Everything is difficult in the beginning, especially when it comes to learning to put in and take out soft contact lenses - a real test of your patience. Try using these tips and tricks for handling contact lenses.
Sit at a table when you are working with your contacts. In case you should lose one of the contacts this will make it much easier to find it again. Lay a mirror flat out on the table. Avoid any reflex type movements of the eye and eyelid. Always keep your nails short and smooth to help avoid injury to the eye. Before you begin, wash your hands and dry them with a fuzz free towel. Make it a habit to always begin with the same contact so in the future you can avoid mixing the right one from left one.
First check that the curvature of the contact is right. Take the contact out of the container and put it on a dry fingertip. Look at the contact from the side edge to see if the curvature is correct.
Correct shape: Shape of a bowl
Does the contact look like a tiny bowl and are the edges pointing upwards? Then the shape is right and the contact can now be put directly into the eye.
Wrong shape: Shape of a plate
If the contact is upside down it will look like a plate and the edge of the plate will go outwards slightly? With a little practice you will learn to see the difference right away. Turn the contact and rinse it with the recommended solution.
Do your contacts feel so thin or slippery that when you try to put them in they turn over on your fingertips instead of releasing from your finger or do they roll into a tube shape, which can rip if you try to unroll it? Then, our special tip will surely help you.
Take the contact between your thumb and index finger and apply a drop of saline solution to each side of the contact lens surface. Rub the contact lightly between your fingertips so that the solution is spread evenly on the contact. Now take the contact in your other hand and dry the first hand with a fuzz free towel. Put the contact back on the index finger of the dried hand. It will now open up and remain stabile on your fingertip.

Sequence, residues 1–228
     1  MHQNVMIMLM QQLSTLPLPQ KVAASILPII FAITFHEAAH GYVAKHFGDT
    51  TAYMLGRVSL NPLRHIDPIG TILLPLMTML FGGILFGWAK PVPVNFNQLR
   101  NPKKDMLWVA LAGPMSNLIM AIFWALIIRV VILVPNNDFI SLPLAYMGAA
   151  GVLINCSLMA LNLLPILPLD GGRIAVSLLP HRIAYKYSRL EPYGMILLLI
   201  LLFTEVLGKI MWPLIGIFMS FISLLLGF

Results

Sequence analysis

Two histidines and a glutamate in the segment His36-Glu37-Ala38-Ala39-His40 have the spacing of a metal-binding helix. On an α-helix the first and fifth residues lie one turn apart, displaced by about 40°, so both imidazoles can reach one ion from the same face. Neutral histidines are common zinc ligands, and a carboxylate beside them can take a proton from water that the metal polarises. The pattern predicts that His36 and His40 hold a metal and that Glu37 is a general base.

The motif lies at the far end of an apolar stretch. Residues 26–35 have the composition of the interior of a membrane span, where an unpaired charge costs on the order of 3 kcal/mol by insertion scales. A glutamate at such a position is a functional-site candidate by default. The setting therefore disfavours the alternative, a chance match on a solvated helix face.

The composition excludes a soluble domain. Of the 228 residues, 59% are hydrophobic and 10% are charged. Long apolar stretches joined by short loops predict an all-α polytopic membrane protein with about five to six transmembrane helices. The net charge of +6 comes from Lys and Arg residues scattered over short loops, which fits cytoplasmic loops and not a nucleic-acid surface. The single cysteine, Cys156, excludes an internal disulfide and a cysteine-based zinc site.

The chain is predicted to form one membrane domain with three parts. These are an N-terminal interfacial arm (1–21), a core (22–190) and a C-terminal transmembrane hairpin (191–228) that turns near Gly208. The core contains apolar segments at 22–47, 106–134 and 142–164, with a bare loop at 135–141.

Put the contact directly on the eye. Put the bowl shaped contact on your dried index finger. Use the middle finger of your left hand to pull up your eyelid at the lash line. With the middle finger of your right hand pull down the lower lid at the lash line. Look straight into the mirror and place the contact carefully into the colored section of the eye.
Look down with your eyes. First let go of the upper lid and then the lower lid. Blink a few times to centre the contact. Check Contact.
Can you see alright? Does the contact feel ok in your eye? If yes, then it is in correctly. To double check if your contact is in properly, close the other eye and look at an object in the distance. Can you see it in your normal focus strength then the contact is in properly. If it is not in properly than slide it over the white area of the eye towards the pupil. If the contact is still uncomfortable, then take it out again, rinse it and try again.
You will find it easier to remove your contacts if you first put a few drops of OPTI-TEARS® FREE® lubricating eyedrops in your eyes. Open your eye as wide as possible and look up. Put the tip of your index finger lightly on the contact lens and slide it down on the white of the eye.
Press the edges of the contacts with the fingertips of your thumb and index finger with a little pressure so that a small pocket is formed. Since air can now get under the contact the contact should release from the eye. Be careful at this point so the contact does not fold over. Clean the removed contacts immediately as recommended by your contact lens specialist. Benefits of soft contact lenses Types of soft lenses, important to note Multi-purpose solutions For additional information, always refer to the manufacturer's product insert.